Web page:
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Flowerpeckers (Dicaeidae)

Flowerpeckers

(Dicaeidae)

Class Aves

Order Passeriformes

Suborder Passeri (Oscines)

Family Dicaeidae


Thumbnail description
Flowerpeckers (genera Prionochilus and Dicaeum) are very small, often brightly colored birds with short, usually straight, bills and short stubby tails; keeping to higher levels of trees, they are noisy, singing chattering songs and making piping calls; berrypeckers are similar but larger with longer and more slender bills

Size
2.2–8.3 in (5.6–21 cm); 0.14–2.8 oz (4–80 g)

Number of genera, species
6 genera; 52 species

Habitat
Tall forest; all habitats from sea-level up to more than 12,000 ft (3,700 m)

Conservation status
Critically Endangered: 1 species; Vulnerable: 2 species; Near Threatened: 5 species

Distribution
Indian sub-continent, Sri Lanka, Myanmar, Thailand, Vietnam, Cambodia, Laos, south China, Hainan Island, Taiwan, the Malay peninsular, Indonesia, and the Philippines, Sulawesi, the Moluccas, New Guinea and its surrounding islands, and Australia

Evolution and systematics

Apart from true flowerpeckers (genera Prionochilus and Dicaeum), the composition and affinities of the Dicaeidae are disputed. On the basis of DNA hybridization studies, no other genera in the family were admitted. However, berrypeckers (genera Melanocharis, Rhamphocharis, Oreocharis and Paramythia) of New Guinea and the eight species of pardalotes, or diamondbirds (Pardalotus spp.), found in Australia and Tasmania, are often included within the flowerpecker family. Berrypeckers, included here with flowerpeckers, have simply constructed tongues. The pardalotes differ from the other groups as they lack serrations on the bills and have simple tongues. Other close relatives of flowerpeckers include sunbirds (Nectariniidae) and the white-eyes (Zosteropidae).

Physical characteristics

Mostly small, these passerines are 2.2–8.3 in (5.6–21 cm) in length. Flowerpeckers in the genera Prionochilus and Dicaeum are small with short bills and short stubby tails and have the distal third of the upper mandibles serrated. Tongues of Prionochilus are split at the end and each prong is further subdivided by a cleft. Tongues of the Dicaeum species are similar but longer and more variable, some having their edges curled up to form two tubes to facilitate uptake of nectar. Species in both genera have frilly outer edges, termed fimbriations, to their tongues. Some species are dull in plumage but others are brightly colored with patterns of red or yellow contrasting with black or dark blue feathering. In most cases, plumages of females are duller than those of males.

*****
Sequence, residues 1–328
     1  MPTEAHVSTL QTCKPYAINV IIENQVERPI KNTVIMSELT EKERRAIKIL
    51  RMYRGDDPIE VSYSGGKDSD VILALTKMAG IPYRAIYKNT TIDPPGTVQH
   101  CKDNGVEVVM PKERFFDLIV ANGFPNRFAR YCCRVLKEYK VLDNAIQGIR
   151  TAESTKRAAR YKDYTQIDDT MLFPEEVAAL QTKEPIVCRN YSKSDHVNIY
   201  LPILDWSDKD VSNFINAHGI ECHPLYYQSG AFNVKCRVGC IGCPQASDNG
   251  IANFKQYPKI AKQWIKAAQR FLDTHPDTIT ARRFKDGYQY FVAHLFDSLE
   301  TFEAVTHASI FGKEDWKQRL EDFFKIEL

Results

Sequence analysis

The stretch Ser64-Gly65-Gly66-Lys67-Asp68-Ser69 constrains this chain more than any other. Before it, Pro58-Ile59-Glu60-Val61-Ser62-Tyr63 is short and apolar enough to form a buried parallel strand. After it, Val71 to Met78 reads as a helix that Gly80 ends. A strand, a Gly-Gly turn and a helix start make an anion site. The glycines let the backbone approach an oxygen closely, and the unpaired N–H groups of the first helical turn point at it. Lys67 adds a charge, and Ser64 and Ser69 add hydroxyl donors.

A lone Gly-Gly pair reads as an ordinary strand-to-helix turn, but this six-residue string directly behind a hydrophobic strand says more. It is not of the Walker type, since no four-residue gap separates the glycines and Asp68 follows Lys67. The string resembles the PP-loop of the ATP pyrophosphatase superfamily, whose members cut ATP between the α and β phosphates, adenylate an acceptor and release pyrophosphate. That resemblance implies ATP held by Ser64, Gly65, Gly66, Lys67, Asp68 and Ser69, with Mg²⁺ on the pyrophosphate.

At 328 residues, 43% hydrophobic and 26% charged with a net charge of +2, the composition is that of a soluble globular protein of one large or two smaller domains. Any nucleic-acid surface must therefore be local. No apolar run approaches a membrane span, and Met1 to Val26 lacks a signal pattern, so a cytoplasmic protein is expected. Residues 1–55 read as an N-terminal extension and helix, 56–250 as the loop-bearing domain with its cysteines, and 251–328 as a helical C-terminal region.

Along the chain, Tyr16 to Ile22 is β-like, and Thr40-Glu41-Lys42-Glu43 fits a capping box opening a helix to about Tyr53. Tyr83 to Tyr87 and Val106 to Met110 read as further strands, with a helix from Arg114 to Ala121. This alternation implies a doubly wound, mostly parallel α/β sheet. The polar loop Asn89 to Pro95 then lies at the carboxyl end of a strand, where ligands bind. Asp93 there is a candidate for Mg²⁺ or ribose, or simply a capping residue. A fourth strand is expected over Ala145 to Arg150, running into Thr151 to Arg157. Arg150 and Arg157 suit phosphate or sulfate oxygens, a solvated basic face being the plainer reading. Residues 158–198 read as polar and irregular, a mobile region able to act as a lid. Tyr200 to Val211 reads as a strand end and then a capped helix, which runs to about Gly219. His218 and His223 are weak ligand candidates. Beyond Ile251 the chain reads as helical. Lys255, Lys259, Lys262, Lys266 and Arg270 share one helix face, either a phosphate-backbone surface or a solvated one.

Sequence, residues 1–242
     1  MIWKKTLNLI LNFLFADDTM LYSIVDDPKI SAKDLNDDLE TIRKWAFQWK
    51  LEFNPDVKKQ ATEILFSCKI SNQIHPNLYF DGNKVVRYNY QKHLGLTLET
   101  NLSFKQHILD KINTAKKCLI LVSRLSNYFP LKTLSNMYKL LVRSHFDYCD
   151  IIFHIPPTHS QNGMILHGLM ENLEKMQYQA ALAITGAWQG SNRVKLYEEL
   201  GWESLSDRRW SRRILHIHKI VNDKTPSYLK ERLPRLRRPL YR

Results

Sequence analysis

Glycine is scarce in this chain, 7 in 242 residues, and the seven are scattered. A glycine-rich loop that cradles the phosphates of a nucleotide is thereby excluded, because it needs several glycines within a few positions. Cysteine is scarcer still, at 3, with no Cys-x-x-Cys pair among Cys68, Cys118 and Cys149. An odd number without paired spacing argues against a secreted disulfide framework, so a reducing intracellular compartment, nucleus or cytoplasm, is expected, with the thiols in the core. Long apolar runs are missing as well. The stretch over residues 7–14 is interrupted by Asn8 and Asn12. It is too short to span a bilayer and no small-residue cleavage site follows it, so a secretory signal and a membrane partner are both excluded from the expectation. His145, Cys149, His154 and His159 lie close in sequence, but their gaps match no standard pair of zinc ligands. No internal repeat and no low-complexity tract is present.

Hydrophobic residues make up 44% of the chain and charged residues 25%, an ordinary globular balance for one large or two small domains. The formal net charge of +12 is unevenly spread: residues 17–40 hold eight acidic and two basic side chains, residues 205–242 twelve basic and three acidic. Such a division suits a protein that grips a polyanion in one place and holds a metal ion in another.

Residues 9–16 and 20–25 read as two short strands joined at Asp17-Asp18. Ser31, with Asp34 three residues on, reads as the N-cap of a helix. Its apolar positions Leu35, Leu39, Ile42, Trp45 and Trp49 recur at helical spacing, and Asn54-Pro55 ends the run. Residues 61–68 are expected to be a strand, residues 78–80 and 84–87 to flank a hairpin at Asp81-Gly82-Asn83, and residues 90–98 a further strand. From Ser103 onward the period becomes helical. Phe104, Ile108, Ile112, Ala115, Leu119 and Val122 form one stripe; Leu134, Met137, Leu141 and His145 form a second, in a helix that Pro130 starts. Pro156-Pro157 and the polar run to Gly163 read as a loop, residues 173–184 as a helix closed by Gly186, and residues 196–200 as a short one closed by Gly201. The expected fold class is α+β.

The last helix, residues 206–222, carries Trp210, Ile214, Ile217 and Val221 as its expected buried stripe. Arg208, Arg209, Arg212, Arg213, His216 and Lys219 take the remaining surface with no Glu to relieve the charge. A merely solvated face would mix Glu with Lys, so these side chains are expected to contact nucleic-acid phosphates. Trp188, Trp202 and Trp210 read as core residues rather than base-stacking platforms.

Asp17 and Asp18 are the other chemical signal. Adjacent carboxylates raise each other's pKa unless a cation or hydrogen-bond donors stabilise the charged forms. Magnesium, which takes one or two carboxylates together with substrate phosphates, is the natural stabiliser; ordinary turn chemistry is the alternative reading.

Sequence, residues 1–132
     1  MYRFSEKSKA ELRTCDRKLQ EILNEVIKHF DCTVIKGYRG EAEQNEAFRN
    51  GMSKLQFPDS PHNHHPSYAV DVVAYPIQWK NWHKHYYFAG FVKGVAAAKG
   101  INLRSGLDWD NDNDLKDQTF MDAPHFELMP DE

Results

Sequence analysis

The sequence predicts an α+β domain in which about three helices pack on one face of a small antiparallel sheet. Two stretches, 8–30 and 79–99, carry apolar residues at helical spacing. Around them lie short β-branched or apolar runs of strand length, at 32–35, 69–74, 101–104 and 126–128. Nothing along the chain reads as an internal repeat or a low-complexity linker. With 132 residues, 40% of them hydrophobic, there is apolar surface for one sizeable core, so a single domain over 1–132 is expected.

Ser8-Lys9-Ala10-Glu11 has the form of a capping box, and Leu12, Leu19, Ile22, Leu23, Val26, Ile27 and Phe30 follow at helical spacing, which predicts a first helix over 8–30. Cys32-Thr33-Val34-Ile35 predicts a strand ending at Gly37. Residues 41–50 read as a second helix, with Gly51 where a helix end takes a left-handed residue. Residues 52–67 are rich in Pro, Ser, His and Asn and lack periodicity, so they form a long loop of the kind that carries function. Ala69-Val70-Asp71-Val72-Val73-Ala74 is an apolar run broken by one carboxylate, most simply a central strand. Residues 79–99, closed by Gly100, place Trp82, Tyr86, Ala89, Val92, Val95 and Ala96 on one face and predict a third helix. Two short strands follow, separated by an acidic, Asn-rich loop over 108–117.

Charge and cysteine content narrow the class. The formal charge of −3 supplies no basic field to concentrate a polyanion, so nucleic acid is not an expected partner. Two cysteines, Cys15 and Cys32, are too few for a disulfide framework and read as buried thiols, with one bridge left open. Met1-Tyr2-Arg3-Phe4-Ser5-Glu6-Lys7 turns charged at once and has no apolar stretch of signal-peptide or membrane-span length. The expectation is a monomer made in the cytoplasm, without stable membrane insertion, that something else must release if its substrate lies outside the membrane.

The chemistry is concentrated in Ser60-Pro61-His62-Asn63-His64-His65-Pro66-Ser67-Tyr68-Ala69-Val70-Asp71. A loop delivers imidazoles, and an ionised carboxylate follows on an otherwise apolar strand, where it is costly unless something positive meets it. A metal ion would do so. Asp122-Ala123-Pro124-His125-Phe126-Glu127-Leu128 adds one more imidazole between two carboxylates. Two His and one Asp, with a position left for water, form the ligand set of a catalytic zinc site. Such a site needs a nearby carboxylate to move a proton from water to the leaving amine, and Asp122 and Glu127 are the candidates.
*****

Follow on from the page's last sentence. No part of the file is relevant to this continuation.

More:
Berrypeckers vary from the small tit-like Arfak berrypecker (Oreocharis arfaki) to the biggest member of the family, the thrush-like crested berrypecker (Paramythia montium). They have simple tongues, elongated straight bills, and lack specializations of the gut that those flowerpeckers that deal with mistletoe berries have. Melanocharis spp. and Rhamphocharis crassirostris have pectoral tufts.

Distribution

Flowerpeckers of the genus Prionochilus are found in Thailand, Vietnam, the Malay Peninsula, Indonesia, and the Philippines. The genus Dicaeum occurs in the same areas but also extends to the Indian sub-continent, Sri Lanka, Myanmar, Cambodia, Laos, south China, Hainan Island, Taiwan, Sulawesi, the Moluccas, New Guinea and its surrounding islands, and Australia. Berrypeckers (genera Melanocharis, Rhamphocharis, Oreocharis, and Paramythia) are restricted to New Guinea.

Habitat

Flowerpeckers and berrypeckers are mostly birds of forests, but some are found at sea-level and others occur very high up in mountains where vegetation is sparse. Many species are partial to secondary growth or even cultivations and the scarlet-backed flowerpecker (Dicaeum cruentatum) frequents towns and villages. The mistletoebird (D. hirundinaceum) is the only Australian representative, and it can be found in habitats ranging from rainforest to arid woodland.

Behavior

Flowerpeckers are active and agile birds, twisting and turning among foliage, flicking their wings, twittering, and calling sharply. They are usually single, or in pairs or small groups, but they will join mixed-species bird parties. They sometimes sit motionless on perches for long periods. Songs are mostly simple high-pitched chirps and clicks, but the musical ability of the mistletoebird is remarkable and mimics songs of many different Australian birds.

In contrast, berrypeckers such as the crested berrypecker (Paramythia montium) are highly social birds, often occurring in groups of up to 12 birds; a large flock of 75 has been observed. They sometimes stand with tail cocked and raise their crests if excited or frightened. They fly in a jerky manner and are noisy in flight making low, short, calls.